Scott Breen leaves KTVQ after 31 years covering Montana sports

Posted at 11:43 AM, Jul 15, 2022
and last updated 2022-07-15 13:45:55-04

BILLINGS - After more than three decades of covering Montana sports, KTVQ’s Scott Breen is about to embark upon a new adventure.

Breen will say farewell to viewers on Tuesday, July 19.

He may be leaving Q2, but Breen won’t be leaving the world of sports. He's beginning a new career as a Montana/Wyoming sales representative for Daktronics, a South Dakota-based company designing and building worldwide scoreboards, shot clocks, extensive audio/video systems, and other electronic messaging.

"The best part is I have more family time and I still get to work with all the friends and schools I have throughout my career, just in a different light," he said.

Born in Billings, Breen began his sportscasting career in the Magic City 31 years ago when he was hired as a weekend sports anchor and weekday news reporter at KULR-TV. After 13 years, he departed to become the sports director at KTVQ.

"I'll never be able to repay the debt to Jon Stepanek and Monty Wallis for inviting me to work Q2's Monday-Friday sports shift. My wife Erin and I were expecting our first child, and our daughter was born two weeks later. The timing and welcome couldn't have been more perfect.

"And multiply that exponentially for Chris Byers who put me on training wheels as an intern, then stuck with me for 13 years. He showed me how to bring energy and enthusiasm to a career that can drive competitive reporters in the business to misery. CB's patience was unbelievable. He's the guy you never wanted to let down and actually nudged me to Q2 when I started a family."

Breen has covered hundreds of high school and college events, professional sports from Mustangs baseball to indoor football, and countless rodeos during his 18 years at KTVQ. His work has earned multiple honors, including more than 30 awards for storytelling and sportscasting from the Montana Broadcasters Association.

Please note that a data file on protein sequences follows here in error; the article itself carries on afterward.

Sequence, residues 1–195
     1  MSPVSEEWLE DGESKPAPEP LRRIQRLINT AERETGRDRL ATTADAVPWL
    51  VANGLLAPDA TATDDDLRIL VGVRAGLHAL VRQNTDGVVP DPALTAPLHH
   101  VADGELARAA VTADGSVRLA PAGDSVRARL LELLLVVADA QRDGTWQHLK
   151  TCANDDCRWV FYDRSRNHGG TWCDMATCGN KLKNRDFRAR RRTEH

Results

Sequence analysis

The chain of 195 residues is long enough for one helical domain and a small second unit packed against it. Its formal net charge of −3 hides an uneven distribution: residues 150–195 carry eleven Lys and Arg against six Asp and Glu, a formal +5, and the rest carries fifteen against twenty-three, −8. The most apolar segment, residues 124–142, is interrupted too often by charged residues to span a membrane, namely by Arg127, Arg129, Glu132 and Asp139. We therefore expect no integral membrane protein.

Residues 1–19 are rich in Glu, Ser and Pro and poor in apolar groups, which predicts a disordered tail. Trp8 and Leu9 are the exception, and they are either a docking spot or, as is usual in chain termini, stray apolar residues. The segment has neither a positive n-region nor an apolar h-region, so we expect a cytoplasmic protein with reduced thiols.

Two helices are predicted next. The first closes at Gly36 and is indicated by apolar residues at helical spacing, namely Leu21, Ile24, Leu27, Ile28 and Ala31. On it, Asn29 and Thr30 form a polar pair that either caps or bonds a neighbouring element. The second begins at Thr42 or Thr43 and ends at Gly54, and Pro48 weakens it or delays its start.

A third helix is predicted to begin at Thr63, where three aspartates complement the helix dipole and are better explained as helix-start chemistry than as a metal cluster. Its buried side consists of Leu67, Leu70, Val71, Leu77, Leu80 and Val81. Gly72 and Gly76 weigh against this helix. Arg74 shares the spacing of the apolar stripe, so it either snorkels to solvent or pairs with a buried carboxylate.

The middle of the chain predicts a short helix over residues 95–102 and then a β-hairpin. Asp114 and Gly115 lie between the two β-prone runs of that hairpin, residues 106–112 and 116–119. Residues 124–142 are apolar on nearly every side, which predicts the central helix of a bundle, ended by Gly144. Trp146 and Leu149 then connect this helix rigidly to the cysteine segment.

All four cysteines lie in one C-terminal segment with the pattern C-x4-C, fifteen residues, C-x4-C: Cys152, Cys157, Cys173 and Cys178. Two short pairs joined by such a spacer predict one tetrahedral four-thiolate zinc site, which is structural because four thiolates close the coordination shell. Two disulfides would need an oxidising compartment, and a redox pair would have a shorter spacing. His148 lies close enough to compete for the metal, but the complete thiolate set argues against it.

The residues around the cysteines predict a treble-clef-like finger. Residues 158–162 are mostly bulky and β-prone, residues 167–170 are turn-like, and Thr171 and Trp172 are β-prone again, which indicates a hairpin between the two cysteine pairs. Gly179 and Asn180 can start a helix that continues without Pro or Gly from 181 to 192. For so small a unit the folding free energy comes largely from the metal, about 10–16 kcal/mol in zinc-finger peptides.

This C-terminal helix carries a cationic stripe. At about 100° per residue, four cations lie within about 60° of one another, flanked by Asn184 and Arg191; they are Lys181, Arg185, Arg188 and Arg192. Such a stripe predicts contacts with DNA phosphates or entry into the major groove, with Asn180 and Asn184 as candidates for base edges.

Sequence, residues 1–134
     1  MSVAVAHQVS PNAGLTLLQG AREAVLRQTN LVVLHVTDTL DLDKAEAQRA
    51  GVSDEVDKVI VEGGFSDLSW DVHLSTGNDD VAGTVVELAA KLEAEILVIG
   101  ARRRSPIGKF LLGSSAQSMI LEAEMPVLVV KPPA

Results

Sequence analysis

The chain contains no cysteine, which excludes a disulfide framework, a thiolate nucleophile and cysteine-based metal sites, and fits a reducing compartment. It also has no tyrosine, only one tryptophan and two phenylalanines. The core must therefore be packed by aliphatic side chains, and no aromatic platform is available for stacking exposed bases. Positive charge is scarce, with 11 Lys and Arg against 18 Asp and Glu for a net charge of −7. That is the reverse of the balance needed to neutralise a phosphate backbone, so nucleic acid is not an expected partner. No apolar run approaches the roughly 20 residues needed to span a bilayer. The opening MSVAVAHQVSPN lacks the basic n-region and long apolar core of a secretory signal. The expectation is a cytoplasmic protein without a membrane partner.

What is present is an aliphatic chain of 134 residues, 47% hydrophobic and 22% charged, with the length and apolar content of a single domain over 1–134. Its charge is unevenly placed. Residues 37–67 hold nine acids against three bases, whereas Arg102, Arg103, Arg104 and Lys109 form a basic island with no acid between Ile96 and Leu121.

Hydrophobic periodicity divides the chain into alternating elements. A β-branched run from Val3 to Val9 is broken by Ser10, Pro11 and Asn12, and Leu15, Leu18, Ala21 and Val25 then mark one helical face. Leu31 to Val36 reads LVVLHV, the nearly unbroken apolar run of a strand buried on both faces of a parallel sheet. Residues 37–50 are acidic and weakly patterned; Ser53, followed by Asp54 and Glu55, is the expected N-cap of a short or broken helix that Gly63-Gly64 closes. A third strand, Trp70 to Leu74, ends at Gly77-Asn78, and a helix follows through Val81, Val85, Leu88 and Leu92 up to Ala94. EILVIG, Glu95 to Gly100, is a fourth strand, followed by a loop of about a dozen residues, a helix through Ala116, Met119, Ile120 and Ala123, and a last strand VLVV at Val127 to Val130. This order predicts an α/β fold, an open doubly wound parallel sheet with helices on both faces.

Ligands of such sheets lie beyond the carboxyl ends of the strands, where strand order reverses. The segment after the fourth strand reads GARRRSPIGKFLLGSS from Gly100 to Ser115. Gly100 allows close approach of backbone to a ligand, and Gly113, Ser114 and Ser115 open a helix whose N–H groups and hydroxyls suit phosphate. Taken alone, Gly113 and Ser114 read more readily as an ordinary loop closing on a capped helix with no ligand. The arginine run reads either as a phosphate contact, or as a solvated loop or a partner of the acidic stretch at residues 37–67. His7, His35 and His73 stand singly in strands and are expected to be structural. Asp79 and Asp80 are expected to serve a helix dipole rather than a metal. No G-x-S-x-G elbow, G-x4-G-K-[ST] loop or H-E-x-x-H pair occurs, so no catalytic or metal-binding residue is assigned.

However, it’s the relationships he’ll miss most.

"It would be truly impossible to name and thank all the coaches, AD's, athletes, parents and grandparents who've made time for me," Breen said. "Our priority was always to deliver your stories in memorable, meaningful ways that you couldn't find on regional or national networks.

"Rebounding from the pandemic has brought noticeable change to the business, but I rarely felt a bigger rush than when our sports team would blast out highlights of 10, 12 or 14 games on wild Friday and Saturday nights. Videos were rolling in left and right that I wouldn't actually see until they hit air. And trying to manage scores randomly funneling in while we were live, with the clock counting down to zero, knowing I'd be cut off whether I finished the sportscast or not? I wouldn't fall asleep until 1 or 2 a.m. if I was lucky."

Breen is also quick to appreciate three decades worth of colleagues.

"I feel like the word 'team' can be overused and cliche, but for me, it's never been more pinpoint than in local television. Until you see it, you don't believe it," he explained. "We'd have anchors covering for us live as we'd literally sprint onto the set, directors furiously punching buttons that would make your head spin, an engineer patching equipment and part-timers racing video highlights into the control room seconds before I'd call for them. If anyone hiccups, or one video rolls out of order, the whole sportscast could tip upside down. Any of those saviors could've been Athletes of the Week."

Breen says his greatest honor was recently becoming a member of the Montana Pro Rodeo Hall and Wall of Fame for his contributions in broadcasting. For nearly 30 years, he has localized statewide coverage from the National Finals Rodeo in Las Vegas, sharing stories of Montana’s talented cowboys, cowgirls, and world champions.

One of his most memorable KTVQ stories will always be the recovery of Powell, Wyo., native and Melstone cowboy JR Vezain, who broke his back after being stomped on by a horse at a Texas rodeo four years ago. He has closely followed Vezain's remarkable journey from near paralyzation to walking with the help of robotics. Vezain's original feature told by Breen and Brandon Sullivan earned an Emmy nomination and a national Edward R. Murrow award, one of the most prestigious among television journalists.

"If you ever feel like you're having a bad day, watch JR's story. You'll cringe at his accident and cry over his determination. I do every time."

Breen and his family will continue to call Yellowstone County home where his parents and sister have playfully 'critiqued' him for years.

In fact, there’s still a chance you’ll see him on the sidelines cheering on his own children, Ella and Landon, as they continue their high school sports careers.

"To say it's been a privilege telling sports stories, for over 30 years in my hometown, is certainly understated."